Kazakhstan is holding a referendum to amend the country’s constitution amid criticism the proposed changes wouldn’t reform the nature of the authoritarian regime despite government attempts to present the overhaul as bringing democratic reforms.
Kazakh activists have called on President Qasym-Zhomart Toqaev to postpone the June 5 plebiscite, saying people were not given enough time to study the 56 proposed changes they will vote on.
Others said the referendum should be canceled altogether and the money needed for the vote spent on the poor.
Toqaev has said the amendments pave the way for Kazakhstan to shift from a “super-presidential form of government to a presidential republic with a strong parliament.”
But the proposed changes don’t remove any significant power that the president’s office currently holds.
The changes would bar the country’s president from being a member of a political party while holding office. Perhaps even more importantly, relatives of the president would not be allowed to hold any key positions in the public sector.
That measure is seen as an attempt to prevent the incredible depth of nepotism that occurred under former President Nursultan Nazarbaev.
The number of Senate members appointed by the president would be reduced from the current 15 to 10.
But the president would maintain the right to appoint the prime minister, the cabinet members, the prosecutor-general, the security chief, the heads of the national bank, and the central election commission along with several other key posts.
The chief executive would also retain the power to appoint provincial governors and the mayors of cities, including the capital, despite widespread calls from public activists for governors and mayors to be elected by voters.
The right to appoint powerful regional governors is seen as an important political tool for the president as governors can be used to swing an election by controlling the voting process in the authoritarian country where international observers say free and fair elections are not held.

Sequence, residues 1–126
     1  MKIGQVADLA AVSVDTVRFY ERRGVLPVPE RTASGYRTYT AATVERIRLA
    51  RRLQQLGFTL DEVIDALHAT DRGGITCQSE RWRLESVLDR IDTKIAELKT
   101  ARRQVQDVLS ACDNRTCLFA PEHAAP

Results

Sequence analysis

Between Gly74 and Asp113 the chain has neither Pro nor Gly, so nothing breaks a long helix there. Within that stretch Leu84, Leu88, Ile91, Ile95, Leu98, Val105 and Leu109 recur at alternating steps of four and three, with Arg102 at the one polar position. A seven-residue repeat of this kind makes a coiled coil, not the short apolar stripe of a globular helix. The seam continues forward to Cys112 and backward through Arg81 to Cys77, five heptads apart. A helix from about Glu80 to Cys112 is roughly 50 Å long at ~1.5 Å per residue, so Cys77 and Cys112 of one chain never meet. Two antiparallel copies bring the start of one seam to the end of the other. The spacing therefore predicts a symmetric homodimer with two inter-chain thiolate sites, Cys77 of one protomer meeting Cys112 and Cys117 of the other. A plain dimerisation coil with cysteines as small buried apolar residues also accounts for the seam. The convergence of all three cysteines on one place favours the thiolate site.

The one who stands to lose the most if the referendum is approved is Nazarbaev, who led Kazakhstan from 1990 until 2019 and enjoyed significant political sway as ex-president until the bloody nationwide unrest in January that left at least 238 people dead.
The revised constitution removes all references to Nazarbaev as “Elbasy” (leader of the nation) which would cement his fall from grace that began with demands by anti-government protesters to end his family’s grip on the country’s politics and riches.
Many of Nazarbaev’s wealthy influential cronies were removed from important posts and some were imprisoned following the January uprising.
Nazarbaev, 81, and his close relatives would also lose their lifelong immunity from prosecution if the referendum is approved.
Nazarbaev handpicked Toqaev to be his successor after he resigned in 2019. The referendum is seen as an attempt by Toqaev, 69, to formalize Nazarbaev’s “retirement” and ensure his departure from the political scene.
No Time For Debates
The constitutional overhaul would reduce the number or lawmakers in the Mazhilis, or lower house of parliament, to 98 from the current 107 members.
The Senate would also lose its power to make new laws but would vote on bills passed by the Mazhilis and as well as vote to confirm nominations for prosecutor-general, security chief, and other key positions submitted by the president.
Activists and political experts say the people were not given enough time to study the proposed changes, as the package of reforms was only made public on May 5 — just a month before the vote.
Even some pro-government experts have acknowledged that many of the proposed changes are too complicated even for specialists to understand.
The voters will respond with a simple “yes” or “no” to the only question on the ballot asking them whether they agree with the proposed amendments.
“The authorities haven’t explained to people exactly what changes would be made to the constitution. There have been no explanations whatsoever on what the amendments mean, and people do not quite understand what they are being asked to vote for,” activist Zhumamurat Shamshi told RFE/RL.
Activists in Almaty called on Toqaev to postpone the referendum for at least three months to allow time for debate and discussion.
Others say the vote should be scrapped and the $38 million allocated for the referendum spent for projects like public housing or to increase social security benefits.
Esengazy Kuandyk, a political activist in Almaty, criticized the proposed changes as “empty words” that don’t represent “anything concrete.”
“If the authorities really want to move away from a super-presidency…they must disperse the current Mazhilis that was elected in [rigged] elections. That would have been a real political reform. What we’re getting now are empty words,” he said.
Orynbasar Zhanibekov, an activist in Nur-Sultan, told RFE/RL that he doesn’t expect any real political changes from Toqaev, a protege of Nazarbaev.
“Before being handpicked for the presidency, Toqaev had worked in top government jobs for 20 years. What reforms did he achieve during all of those years? None! Similarly, there are no reforms in [this referendum] either,” Zhanibekov told RFE/RL.
State-backed pollsters say more than 75 percent of respondents in recent polls supported the proposed reforms and that nearly 70 percent said they will vote in the referendum.